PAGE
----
Our Special Is What We Have:
A Chimerical Philosophy and Really Brief History of the Scissortail Creative Writing Festival
As we enter the fourth annual Scissortail Creative Writing Festival, and as the popularity of the festival continues to grow, I think it is time to explain what the hell is going on. It is really very simple, guided by the cliched axioms: “less is more” and “if it aint broke, dont fix it” (see how I dont use apostrophes in my contractions – just like Cormac McCarthy dont). In another life, I was in Kentucky where a small-town diner, which served really good food, famously posted a sign declaring “Our Specialty Is What We Have.” I think maybe this phrase best captures the essence of the Scissortail Festival. Gladly, we only offer a limited specialty, but don’t let the simple structure of the festival betray the quality of the writing or the essential value of creativity. The festival cannot and does not want to be all things. Scissortail is a festival of reading where the words of creative thinkers are heard and celebrated. Scissortail is a gathering of folks who take writing seriously, not merely for the sake of petting egos and building careers (though happily both things sometimes happen when we focus primarily on the heart, the means of creativity, rather than superficial ends). The structure of the festival is decidedly mixed – mixed genre and mixed author. We celebrate a mixture of highly published authors standing beside and reading along with others who are popularly categorized as “emerging authors” – aren’t we all emerging? Panels are intentionally mixed – delightfully disjointed, ironic and/or paradoxical – consisting of many styles: lyrical poetry, narrative poetry, historical fiction, tall tales, experimental prose and poetry, creative nonfiction and various combinations thereof. The net effect is a quilt, a creative mosaic, or in the words of our friend Jim Chastain: “The whole thing is a poem.” This festival is not about workshops or academic assessment; it is more primal than that. The festival is about authors listening to the words, style and passion of fellow authors. The festival is a chance to communicate to audiences who invariably come away with some happy level of understanding and feeling. Scissortail Festival provides a weekend to renew acquaintances, make new friends, be inspired to write better, be motivated to live better. Basically, the only rule is the NAA rule (I can translate this for you in person if necessary; I don’t want to spell it out in fear of puritans and the FCC).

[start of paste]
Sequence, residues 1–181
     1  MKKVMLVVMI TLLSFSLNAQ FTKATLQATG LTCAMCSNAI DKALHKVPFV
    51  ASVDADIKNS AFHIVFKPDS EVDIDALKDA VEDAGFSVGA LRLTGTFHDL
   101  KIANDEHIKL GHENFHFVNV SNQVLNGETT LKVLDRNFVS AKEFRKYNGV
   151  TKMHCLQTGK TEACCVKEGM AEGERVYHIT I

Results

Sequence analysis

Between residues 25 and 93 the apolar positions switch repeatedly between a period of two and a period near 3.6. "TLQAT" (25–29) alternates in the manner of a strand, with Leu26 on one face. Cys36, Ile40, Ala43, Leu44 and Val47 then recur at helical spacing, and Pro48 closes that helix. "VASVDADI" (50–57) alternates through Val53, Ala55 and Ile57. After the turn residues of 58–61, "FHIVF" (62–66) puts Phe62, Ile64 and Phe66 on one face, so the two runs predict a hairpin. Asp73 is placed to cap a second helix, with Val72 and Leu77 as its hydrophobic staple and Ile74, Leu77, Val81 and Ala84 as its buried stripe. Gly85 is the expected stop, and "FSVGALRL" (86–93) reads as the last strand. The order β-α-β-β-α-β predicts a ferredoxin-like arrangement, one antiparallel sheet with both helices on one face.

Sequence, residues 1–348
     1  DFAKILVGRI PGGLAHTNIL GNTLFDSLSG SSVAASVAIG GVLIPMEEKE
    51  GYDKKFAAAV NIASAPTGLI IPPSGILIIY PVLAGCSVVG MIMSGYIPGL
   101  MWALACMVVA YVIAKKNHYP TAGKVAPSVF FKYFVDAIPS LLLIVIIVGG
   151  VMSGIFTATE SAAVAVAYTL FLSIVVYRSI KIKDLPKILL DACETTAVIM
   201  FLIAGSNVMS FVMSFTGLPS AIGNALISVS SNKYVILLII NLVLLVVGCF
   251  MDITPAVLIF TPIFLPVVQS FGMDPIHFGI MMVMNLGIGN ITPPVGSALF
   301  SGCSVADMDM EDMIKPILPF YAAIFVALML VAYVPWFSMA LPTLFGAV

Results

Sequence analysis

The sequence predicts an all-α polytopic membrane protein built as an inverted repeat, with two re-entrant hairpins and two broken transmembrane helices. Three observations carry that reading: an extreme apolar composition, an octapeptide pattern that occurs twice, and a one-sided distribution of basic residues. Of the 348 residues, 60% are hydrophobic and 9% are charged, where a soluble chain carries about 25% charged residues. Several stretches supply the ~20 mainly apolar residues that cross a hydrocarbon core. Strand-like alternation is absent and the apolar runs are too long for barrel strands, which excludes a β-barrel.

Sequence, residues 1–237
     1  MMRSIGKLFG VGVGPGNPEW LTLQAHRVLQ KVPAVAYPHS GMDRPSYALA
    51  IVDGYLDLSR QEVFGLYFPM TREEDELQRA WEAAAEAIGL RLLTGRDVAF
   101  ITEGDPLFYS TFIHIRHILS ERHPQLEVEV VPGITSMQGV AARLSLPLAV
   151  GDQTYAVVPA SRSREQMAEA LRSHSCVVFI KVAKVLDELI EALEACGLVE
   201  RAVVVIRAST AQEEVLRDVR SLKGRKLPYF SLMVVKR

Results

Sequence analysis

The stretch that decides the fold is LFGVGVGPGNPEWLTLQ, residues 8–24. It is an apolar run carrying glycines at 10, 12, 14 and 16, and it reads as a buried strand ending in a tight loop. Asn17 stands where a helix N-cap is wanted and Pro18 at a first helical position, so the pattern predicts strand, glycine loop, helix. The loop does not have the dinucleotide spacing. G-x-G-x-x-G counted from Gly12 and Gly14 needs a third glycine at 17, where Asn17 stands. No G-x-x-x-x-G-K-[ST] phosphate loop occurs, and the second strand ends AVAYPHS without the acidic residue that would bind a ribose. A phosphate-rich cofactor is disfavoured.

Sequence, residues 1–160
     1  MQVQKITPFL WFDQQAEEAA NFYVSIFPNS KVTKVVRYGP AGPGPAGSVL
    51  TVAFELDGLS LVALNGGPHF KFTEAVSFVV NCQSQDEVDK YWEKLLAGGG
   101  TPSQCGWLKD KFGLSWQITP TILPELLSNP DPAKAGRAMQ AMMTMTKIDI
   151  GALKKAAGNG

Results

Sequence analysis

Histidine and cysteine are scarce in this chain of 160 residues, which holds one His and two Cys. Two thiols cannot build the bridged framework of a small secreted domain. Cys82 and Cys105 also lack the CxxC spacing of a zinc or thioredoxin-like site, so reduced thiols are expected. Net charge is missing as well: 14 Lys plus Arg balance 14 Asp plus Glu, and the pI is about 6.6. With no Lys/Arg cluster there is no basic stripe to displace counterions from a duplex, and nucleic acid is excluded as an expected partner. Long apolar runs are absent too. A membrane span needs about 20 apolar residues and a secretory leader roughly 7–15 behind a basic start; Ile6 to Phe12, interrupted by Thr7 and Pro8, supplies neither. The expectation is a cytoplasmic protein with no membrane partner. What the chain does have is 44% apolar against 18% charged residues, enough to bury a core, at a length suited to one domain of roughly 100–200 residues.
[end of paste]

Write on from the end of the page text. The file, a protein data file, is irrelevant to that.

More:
A few years back, my colleague Dr. Hugh Tribbey and I were having lunch. Hugh said that he always wanted a festival at ECU. From this seminal conversation, and with the work of several dedicated volunteers (always including lots of unheralded students), the festival has become a signature event for the ECU campus, for the state of Oklahoma, her authors as well as authors from across the country and, sometimes, even overseas. The festival has benefitted from gracious financial contributions from several individuals (see me if you want to contribute) as well as the blessing of the administration of East Central University, the helpful sustaining gifts from corporations and foundations. Most of all, the festival is successful because of all the writers who voluntarily travel to Ada, Oklahoma to read for twenty minutes and to listen to their friends and colleagues. Thanks to the hundreds of authors who have freely given their time and creativity to this festival, each year we look forward to the first April weekend.
Looking forward to your reading. Peace!